The least in the new Kingdom who did not know Jesus when HE walked among us and yet believe with faith in Him, some lost their life because of Him and persevered to the en, they are greater that John the Baptist.


Originally Posted by JerryZ
The least in the new Kingdom who did not know Jesus when HE walked among us and yet believe with faith in Him, some lost their life because of Him and persevered to the en, they are greater that John the Baptist

John went around saying the Kingdom of God is at hand, why would he be left out of it?

Matthew 3:2-3

2 and saying, “Repent, for the kingdom of heaven is at hand!” 3 For this is he who was spoken of by the prophet Isaiah, saying:

“The voice of one crying in the wilderness:
‘Prepare the way of the Lord;
Make His paths straight.’”[a]

When John used the phrase ‘is at hand’ did he mean it is almost here or that it is here? If it is here, then he was part of it and if so, why would he be the less the the least of the Kingdom?

When Jesus was walking on earth there were people who made sacrifices for Him, such as, Joseph, John the Baptist, the apostles, etc… It could not be that this is referring to the faithfuls who lived after Jesus resurrected. Some of Jesus followers, followed Him from faith and He either reprimanded their lack of or commended their abundance of faith. In other words, if the Kingdom of God is the Church, it did not start after Jesus resurrected.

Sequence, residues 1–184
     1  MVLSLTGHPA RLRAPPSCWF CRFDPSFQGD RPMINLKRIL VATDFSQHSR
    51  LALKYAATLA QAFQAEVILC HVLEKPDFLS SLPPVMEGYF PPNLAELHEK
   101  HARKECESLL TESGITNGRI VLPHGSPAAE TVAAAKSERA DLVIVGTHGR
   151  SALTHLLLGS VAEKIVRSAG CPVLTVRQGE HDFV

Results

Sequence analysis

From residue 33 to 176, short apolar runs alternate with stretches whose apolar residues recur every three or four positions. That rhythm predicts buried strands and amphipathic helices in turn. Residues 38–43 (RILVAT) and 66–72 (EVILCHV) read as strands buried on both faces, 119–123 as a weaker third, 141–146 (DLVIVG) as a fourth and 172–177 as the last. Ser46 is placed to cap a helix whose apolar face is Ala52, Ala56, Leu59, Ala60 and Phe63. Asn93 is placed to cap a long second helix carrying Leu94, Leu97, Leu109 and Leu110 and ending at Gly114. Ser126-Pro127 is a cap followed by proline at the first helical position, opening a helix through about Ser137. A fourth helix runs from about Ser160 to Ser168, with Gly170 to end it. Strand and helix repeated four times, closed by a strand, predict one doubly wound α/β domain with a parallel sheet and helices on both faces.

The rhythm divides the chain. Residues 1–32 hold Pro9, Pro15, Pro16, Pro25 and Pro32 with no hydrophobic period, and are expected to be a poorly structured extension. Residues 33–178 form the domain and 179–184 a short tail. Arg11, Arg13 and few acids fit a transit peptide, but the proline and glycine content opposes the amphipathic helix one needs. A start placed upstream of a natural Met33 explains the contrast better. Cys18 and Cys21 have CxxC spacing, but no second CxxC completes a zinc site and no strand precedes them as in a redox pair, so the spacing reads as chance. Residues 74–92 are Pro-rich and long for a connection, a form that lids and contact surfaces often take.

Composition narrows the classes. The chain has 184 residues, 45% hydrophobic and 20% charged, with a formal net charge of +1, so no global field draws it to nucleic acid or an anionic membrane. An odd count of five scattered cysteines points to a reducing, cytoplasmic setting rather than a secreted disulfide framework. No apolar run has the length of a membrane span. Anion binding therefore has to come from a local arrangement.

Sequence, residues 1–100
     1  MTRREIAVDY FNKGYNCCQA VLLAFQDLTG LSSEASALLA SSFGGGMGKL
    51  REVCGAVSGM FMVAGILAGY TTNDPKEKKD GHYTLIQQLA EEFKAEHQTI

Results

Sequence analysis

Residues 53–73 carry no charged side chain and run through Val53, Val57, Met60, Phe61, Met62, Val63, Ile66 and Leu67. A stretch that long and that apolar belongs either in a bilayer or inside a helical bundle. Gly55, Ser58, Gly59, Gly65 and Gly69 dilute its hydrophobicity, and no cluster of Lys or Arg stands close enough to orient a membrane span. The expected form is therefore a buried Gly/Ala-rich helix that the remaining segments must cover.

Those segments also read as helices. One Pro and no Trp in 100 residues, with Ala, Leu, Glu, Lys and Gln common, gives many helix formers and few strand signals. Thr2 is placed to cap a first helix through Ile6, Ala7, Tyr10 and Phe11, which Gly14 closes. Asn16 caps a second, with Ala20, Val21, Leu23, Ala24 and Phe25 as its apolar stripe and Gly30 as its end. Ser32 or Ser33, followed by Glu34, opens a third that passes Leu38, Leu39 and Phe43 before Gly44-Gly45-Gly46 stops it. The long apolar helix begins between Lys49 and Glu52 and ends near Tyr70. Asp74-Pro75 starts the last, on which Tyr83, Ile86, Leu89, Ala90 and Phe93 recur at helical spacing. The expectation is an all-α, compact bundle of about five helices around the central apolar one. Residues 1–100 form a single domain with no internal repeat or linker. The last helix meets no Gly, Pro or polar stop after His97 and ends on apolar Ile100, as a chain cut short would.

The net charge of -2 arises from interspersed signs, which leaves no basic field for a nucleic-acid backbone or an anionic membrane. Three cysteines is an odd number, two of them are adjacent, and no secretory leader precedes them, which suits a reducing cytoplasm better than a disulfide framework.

Jesus is God, the second person of the Trinity and many have seen His face. Up until the present, I have understood that passage as referring to God the father - who we cannot see.

I think it is referring to Satan attacking the Church…" But from the days of John the Baptist until now the KINGDOM OF HEAVEN has been enduring violent assault, and the violent have been seizing it by force." (Matt. 11:11-12)." The battle with the angels occurred long before John the Baptist.


John did not live long enough to see the Kingdom. Remember he was beheaded by Herodes to satisfy his daughter Salome.

At hand means “It is almost here”


Jesus HIMSELF is the Kingdom of Heaven.

*In those days came John the Baptist, preaching in the wilderness of Judea, "Repent, for the kingdom of heaven is at hand." (Matthew 3:1-2)

From that time Jesus began to preach, saying, "Repent, for the kingdom of heaven is at hand." (Matthew 4:17)*

At hand means right in front of you, able to reach out and touch it with your hand. Jesus is God’s Kingdom. Jesus was taken by force. Violent men took him to his Crucifixion.